As graduation approaches, some students who pursued a degree in S.T.E.M. (science, technology, engineering and math) may find themselves needing to take extensive steps before entering grad school or their respective industry.
With increasingly complex grad school applications, tough competition for grad school and industry opportunities and burnout after 16 years of academic grind, more and more college graduates are taking time to step off the traditional path.
According to Ethan Knight, executive director of the American Gap Association in Portland, Oreg., a gap year is defined as “a structured period of time where students take a break from formal education to increase self-awareness, challenge comfort zones, and experiment with possible careers.”
While the reason behind taking a gap year varies from person to person, two students who are graduating this June found themselves needing more time to prepare for the their goals.
Reid Nakamoto, a fourth-year biology major in the College of Creative Studies (CCS), said he is deciding to take a gap year because he wants to be more prepared before applying to grad school.
“It wasn’t something I wanted to do initially, because I wanted to go straight into grad school like the rest of my friends,” Nakamoto said. “However, I didn’t feel prepared enough to apply to grad school, so I decided to stay around and continue my research in the lab that I work in. I’ll continue working in my lab until I apply, hopefully sometime this fall or winter.”
Nakamoto works in Julie Simpson’s lab, an assistant professor in the molecular, cellular, and developmental biology (MCDB) department, where Simpson works on fly neural circuits and motor sequences.
He is currently aiding one of the scientists in the lab in identifying the role of dopamine neurons in grooming. A lot of what Nakamoto does involves recording videos of the flies and dissecting and removing fly brains and ventral nerve cords so that researchers can map the neural structures present.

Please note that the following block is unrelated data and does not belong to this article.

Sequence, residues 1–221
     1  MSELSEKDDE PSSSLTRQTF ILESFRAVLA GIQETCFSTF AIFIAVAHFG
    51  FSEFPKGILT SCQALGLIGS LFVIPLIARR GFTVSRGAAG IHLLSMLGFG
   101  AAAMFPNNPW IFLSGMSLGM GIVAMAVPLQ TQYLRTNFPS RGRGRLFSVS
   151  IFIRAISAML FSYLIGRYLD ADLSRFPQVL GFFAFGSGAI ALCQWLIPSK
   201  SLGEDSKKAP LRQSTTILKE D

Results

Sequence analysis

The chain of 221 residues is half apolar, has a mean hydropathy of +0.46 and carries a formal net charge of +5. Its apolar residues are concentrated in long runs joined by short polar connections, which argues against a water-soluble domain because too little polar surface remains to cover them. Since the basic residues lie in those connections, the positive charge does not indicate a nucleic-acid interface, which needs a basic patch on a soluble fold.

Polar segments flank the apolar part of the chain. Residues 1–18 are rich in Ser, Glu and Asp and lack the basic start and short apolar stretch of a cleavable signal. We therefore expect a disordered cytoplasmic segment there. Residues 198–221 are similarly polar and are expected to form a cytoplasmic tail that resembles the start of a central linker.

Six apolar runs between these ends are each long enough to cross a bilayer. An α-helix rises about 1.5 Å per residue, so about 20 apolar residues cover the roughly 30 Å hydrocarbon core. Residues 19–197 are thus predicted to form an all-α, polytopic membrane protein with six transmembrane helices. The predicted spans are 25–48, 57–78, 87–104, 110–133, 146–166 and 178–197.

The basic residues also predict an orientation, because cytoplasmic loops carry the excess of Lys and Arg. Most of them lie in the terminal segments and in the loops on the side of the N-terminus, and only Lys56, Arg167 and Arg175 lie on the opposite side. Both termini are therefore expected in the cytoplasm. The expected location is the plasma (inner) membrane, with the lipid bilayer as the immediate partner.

Similarly, fourth-year biology major in the College of Letters and Sciences, Anaiancy Ramirez, decided to take a gap year in order to prepare for the PCAT, the pharmacy college admission test.
“Since I plan to apply to professional school, there are classes that some pharmacy schools require that are not part of my major or even offered [at UCSB],” Ramirez said. “I decided to take a gap year in order to work on these classes and study for the PCAT so that I feel better prepared and more qualified to apply to pharmacy school.”
Ramirez also notes that, had she known that she needed to take more classes, she would have taken them during the summer but was not well informed at the time.
Aside from preparing for professional schools or grad school, Nakamoto and Ramirez are both planning on taking some time to gain experience in their field.
An eventual career in science may require competencies in areas that were not part of the curriculum for the major.
“I’ll be picking up other skills in the meantime, such as learning how to use MATLAB [and] Python,” Nakamoto said.
“Aside from taking classes and studying for the PCAT, I plan on working as a pharmacy technician to gain further experience in the field of pharmacy,” Ramirez said. “I’m also interested in looking for research-based jobs that’s focused more on drug research.”
One of the benefits of taking a gap year that Nakamoto is looking forward to is having time for other activities.
“I look forward to not having finals, midterms or homework to stress about — besides the GRE,” Nakamoto said. “As for non-academics, you will probably be able to find me every night fishing at the Goleta Pier.”
Ultimately, while Ramirez and Nakamoto both decided to take a gap year, they will go down different paths.
Ramirez’s goal is to be admitted into a pharmacy school or a post-baccalaureate program that she could attend the following year. With this plan, she will be on her way to obtaining her PharmD degree.
Nakamoto, on the other hand, hopes to figure out whether he wants to continue his research or go into industry work.
“I’m not 100 percent sure right now [about my career goals]. I want to go into industry, but I feel very attached to my research so I’m fairly split,” Nakamoto said. “I guess we’ll see what happens!”
With the end of the school year approaching, a gap year may be the time and space some students need in order to figure out what they may want to pursue after graduation. It could also provide the time to fully prepare for admissions tests or gain more experience that is highly valuable in S.T.E.M fields